I can remember every precious thing I’ve broken:
a blue and white vase, shattered by a ball that
my brother might have thrown, or me. Perhaps
it was a Bonge piece; perhaps that would explain
my mother’s tears while I fixed myself to the black
and white checkered floor, jelly-armed, refusing
to let myself be put in time out, in full faculty
of the way children can make themselves go,
like ants, ten times heavier than their own weight.
And as a careless twenty-such, I didn’t know to turn
the heater on in the sunroom to keep my grandmother’s plants
warm during a freeze. The next morning, her jade
trees limp and watery. The bird of paradise with its long neck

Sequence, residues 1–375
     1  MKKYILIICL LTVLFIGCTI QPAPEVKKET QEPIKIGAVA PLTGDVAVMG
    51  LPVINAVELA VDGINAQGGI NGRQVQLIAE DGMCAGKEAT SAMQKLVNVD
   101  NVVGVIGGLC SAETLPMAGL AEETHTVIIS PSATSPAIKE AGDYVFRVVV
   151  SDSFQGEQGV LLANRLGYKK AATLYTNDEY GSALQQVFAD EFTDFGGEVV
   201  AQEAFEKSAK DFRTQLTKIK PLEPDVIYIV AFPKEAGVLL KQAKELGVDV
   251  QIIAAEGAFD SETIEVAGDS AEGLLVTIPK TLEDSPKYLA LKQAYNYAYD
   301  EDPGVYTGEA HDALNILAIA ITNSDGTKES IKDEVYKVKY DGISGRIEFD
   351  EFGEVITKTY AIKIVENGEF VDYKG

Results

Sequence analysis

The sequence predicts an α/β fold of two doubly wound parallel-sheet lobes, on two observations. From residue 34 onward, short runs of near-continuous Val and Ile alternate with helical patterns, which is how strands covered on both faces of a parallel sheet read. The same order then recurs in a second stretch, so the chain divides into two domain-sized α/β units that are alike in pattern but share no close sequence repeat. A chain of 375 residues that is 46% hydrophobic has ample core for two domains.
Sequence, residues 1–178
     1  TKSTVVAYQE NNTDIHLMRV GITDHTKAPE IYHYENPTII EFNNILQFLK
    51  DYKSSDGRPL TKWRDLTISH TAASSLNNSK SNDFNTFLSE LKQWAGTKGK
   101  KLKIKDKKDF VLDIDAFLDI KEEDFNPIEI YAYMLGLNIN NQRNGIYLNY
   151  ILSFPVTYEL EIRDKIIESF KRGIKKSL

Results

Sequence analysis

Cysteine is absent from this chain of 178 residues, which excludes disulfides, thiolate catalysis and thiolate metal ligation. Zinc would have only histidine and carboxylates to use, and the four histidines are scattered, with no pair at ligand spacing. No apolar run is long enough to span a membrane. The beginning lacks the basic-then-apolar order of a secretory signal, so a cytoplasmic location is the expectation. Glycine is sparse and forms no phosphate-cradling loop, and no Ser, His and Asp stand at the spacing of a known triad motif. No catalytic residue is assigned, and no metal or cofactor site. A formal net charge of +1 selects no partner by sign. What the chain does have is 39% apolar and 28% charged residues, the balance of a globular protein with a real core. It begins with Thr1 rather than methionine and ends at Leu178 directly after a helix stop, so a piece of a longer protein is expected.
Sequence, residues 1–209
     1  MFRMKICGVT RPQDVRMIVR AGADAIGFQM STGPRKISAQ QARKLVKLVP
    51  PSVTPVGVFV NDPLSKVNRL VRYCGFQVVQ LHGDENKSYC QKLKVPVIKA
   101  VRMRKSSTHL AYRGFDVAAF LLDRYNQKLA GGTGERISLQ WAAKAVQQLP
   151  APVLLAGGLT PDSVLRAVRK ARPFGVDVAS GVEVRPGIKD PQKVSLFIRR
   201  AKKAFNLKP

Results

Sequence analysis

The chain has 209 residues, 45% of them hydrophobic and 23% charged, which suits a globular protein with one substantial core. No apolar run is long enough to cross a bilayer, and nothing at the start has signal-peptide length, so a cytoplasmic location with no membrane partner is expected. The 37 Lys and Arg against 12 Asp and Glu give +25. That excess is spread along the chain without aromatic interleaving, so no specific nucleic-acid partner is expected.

draped across the floor in death. Was this something someone
should have told me, or something I should have known?
And this evening, while packing, in a cabinet I found
several cutting boards I deemed too precious for use;
wedding presents. One a checkerboard of inlaid wood.
The other half marble slab, half live edge. When did
I tell myself these things were too good for me,
and my everyday everydayness? When did I start
believing I could get along fine with the splintering
bamboo board that comes apart a little more
with each use; that I’d wait for a special occasion.
I think of the multitudes of china sets, waiting
in boxes or glass curios; so precious we can
hardly touch them, so we keep them far from us.